Short Communication Volume 6 Issue 2

Universidad Tecnologica Nacional, Argentina

**Correspondence:** Andres Garcia, Grupo de Investigacion en Mecanica Aplicada (GIMAP), Universidad Tecnologica Nacional. 11 de Abril 461, Bahia Blanca, Argentina

Received: October 30, 2019 | Published: March 2, 2020

**Citation: ** García A, Lannes AR. Singular oscillators’ amplitude-period aproximation. *Int J Biosen Bioelectron*. 2020;6(1):25-26. DOI: 10.15406/ijbsbe.2020.06.00183

Second order singular oscillators are considered and approximated. The amplitude-period relationship is determined and compared with the formulas in (10) and (11). The approximations show a great exactness and open a wide range of applications based upon singular nonlinear oscillators.

**Keywords: **optimal control, nonlinear oscillator, amplitude-period formula

Many mechanical systems are modeled as nonlinear oscillators.^{1} Among the many important properties that can be studied for a nonlinear oscillator, the amplitude-period relationship is a very salient one.^{2‒5} As pointed out in,^{6} the singular harmonic oscillator became a classic study object from quantum physics. Accordingly, this kind of oscillators was traditionally approximated with several methods: power series, algebraic methods or even integrating its trajectories. However, more recently, other methods were explored to study singular oscillators: Fourier transform, or even Laplace transform.^{7} Besides the variety of available methods to study singular oscillators, the exact determination of their amplitude-period relationship is rather involved and for some cases even powerful approximation techniques could fail to obtain an accurate result.^{8,9} In this paper, the approximation formula derived in^{10} and^{11} is used to obtain and approximate the amplitude-period relationship of two nonlinear and singular oscillators: $\{\stackrel{..}{x}\left(t\right)=-\frac{1}{x\left(t\right)},\stackrel{..}{x}\left(t\right)=-\frac{1}{x{\left(t\right)}^{3}}\}$

Let’s assume a nonlinear second order oscillator given by:

$\stackrel{..}{x}\left(t\right)=-\frac{1}{\mathbf{x}\left(\mathbf{t}\right)},x\left(T\right)=x\left(0\right)=A,\stackrel{.}{x}\left(0\right)=0$ (1)

Where A is the oscillation’s amplitude with period T. The exact amplitude-period formula is known:^{2}

${\text{T}}_{\text{exact}}=2.\sqrt{2.\text{\pi}}.\text{A}$ (2)

On the other hand, applying the formula in (10) and (11):

${\text{T}}_{\text{approx}.}=2.\text{\pi}\sqrt{\frac{{\text{A}}^{\text{N}+2}}{\left(\text{N}+2\right).{{\displaystyle \int}}_{0}^{\text{A}}{\text{x}}^{\text{N}}.\frac{1}{\text{x}}.\text{dx}}}=\text{}2.\text{\pi}.\text{A}\sqrt{\frac{\text{N}}{\text{N}+2}}$ (3)

To measure the accuracy of the approximation, the quotient between (2) and (3) can be evaluated:

$\text{Exactitude}\left(\text{\%}\right)=\frac{2.\sqrt{2.\text{\pi}}.\text{A}}{2.\text{\pi}.\text{A}\sqrt{\frac{\text{N}}{\text{N}+2}}}=\sqrt{\frac{\text{\pi}.\text{N}}{2.\left(\text{N}+2\right)}}$Utilizing the suggested value N=3 in (10):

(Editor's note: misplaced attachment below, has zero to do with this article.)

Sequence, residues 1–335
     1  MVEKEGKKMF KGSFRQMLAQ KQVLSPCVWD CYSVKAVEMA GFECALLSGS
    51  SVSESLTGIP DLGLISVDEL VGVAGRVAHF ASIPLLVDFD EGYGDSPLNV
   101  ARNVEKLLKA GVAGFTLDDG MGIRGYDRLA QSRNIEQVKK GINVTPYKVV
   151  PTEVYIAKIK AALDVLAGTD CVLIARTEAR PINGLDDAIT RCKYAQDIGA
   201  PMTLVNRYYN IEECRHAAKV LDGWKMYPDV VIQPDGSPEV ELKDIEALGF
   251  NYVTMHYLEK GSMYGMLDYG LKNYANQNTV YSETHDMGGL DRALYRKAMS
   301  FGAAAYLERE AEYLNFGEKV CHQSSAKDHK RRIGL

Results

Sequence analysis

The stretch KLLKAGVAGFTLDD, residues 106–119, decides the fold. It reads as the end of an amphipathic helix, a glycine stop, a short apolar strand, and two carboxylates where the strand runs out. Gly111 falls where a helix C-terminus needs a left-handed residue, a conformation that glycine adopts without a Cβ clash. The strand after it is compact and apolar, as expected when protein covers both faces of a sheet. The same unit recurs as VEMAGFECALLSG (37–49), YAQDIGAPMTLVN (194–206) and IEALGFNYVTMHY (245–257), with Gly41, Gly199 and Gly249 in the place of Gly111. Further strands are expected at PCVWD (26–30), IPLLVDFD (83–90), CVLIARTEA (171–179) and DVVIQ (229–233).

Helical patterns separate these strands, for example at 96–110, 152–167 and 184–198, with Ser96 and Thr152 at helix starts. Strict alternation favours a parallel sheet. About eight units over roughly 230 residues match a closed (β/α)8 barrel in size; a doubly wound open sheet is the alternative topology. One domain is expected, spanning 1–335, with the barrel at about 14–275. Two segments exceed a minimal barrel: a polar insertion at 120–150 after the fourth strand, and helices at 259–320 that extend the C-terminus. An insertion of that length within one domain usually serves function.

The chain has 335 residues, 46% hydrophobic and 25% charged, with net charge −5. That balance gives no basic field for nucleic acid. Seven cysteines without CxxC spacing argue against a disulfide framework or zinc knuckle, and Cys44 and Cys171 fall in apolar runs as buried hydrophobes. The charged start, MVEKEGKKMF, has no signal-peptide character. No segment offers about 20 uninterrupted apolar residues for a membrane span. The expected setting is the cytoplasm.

$\text{Exactitude}\left(\text{\%}\right)=\sqrt{\frac{\text{\pi}.3}{10}}=97.08\text{\%}$**The case of $\ddot{x}=-\frac{1}{{x}^{3}}$
**

This singular oscillator occurs for instance modeling mechanical systems with central forces:^{12,13}

$\stackrel{.}{x}\left(t\right)=-\frac{{\displaystyle 1}}{{\displaystyle \mathbf{x}{\left(\mathbf{t}\right)}^{3}}},\text{x}\left(\text{T}\right)=\text{x}\left(0\right)=\text{A},\stackrel{.}{x}\left(0\right)=0$ (4)

Then, the mechanical’s energy conservation leads the exact amplitude-period:^{2,12}

Integrating between 0 and A, with the initial conditions in (4):

$\stackrel{.}{x}{\left(t\right)}^{2}-\frac{1}{x(t{)}^{2}}=-\frac{1}{{A}^{2}}\Rightarrow \stackrel{.}{x}\left(t\right)=\sqrt{(-\frac{1}{{A}^{2}}+\frac{1}{x{\left(t\right)}^{2}})}\Rightarrow {T}_{\text{exact}}=4.{A}^{2}$The approximation using (10) and (11) yields:

${\text{T}}_{\text{approx}.}=2.\text{\pi}.{\text{A}}^{2}\sqrt{\frac{\text{N}-2}{\text{N}+2}}$It is useful to plot the exactitude vs N:

According to Figure 1, the optimal value will be N=5, with the very precise approximation of 97.25%.

In this paper, two singular oscillators were considered using the approximating formulas presented in^{10} and [11]. Even with several methodologies available for nonlinear oscillators, singular oscillators are less considered in the literature. The case of singular oscillators restrict the applicability of some methods or become imprecise others, this motivates the application and analysis of simple method able to predict the amplitude-period relationship accurately. The first nonlinear oscillator considered was precisely approximated (97% of accuracy with respect the true amplitude-period formula) applying the formula in 10 with the integer parameter needed N=3, whereas for the second inverse cubic oscillator, the same formula predicts the amplitude-period better with the natural number N=5 (97.25% of accuracy). As a future work, research involving a generalization of the number N to the real set will be conducted. As it can be depicted from this paper, singular oscillators’ approximations using amplitude-period formulas are a very interesting applied research area.

The authors would like to acknowledge Universidad Tecnológica Nacional, Facultad Regional Bahía Blanca under the project PID 5122 TC.

The authors declare that there are no conflicts of interest.

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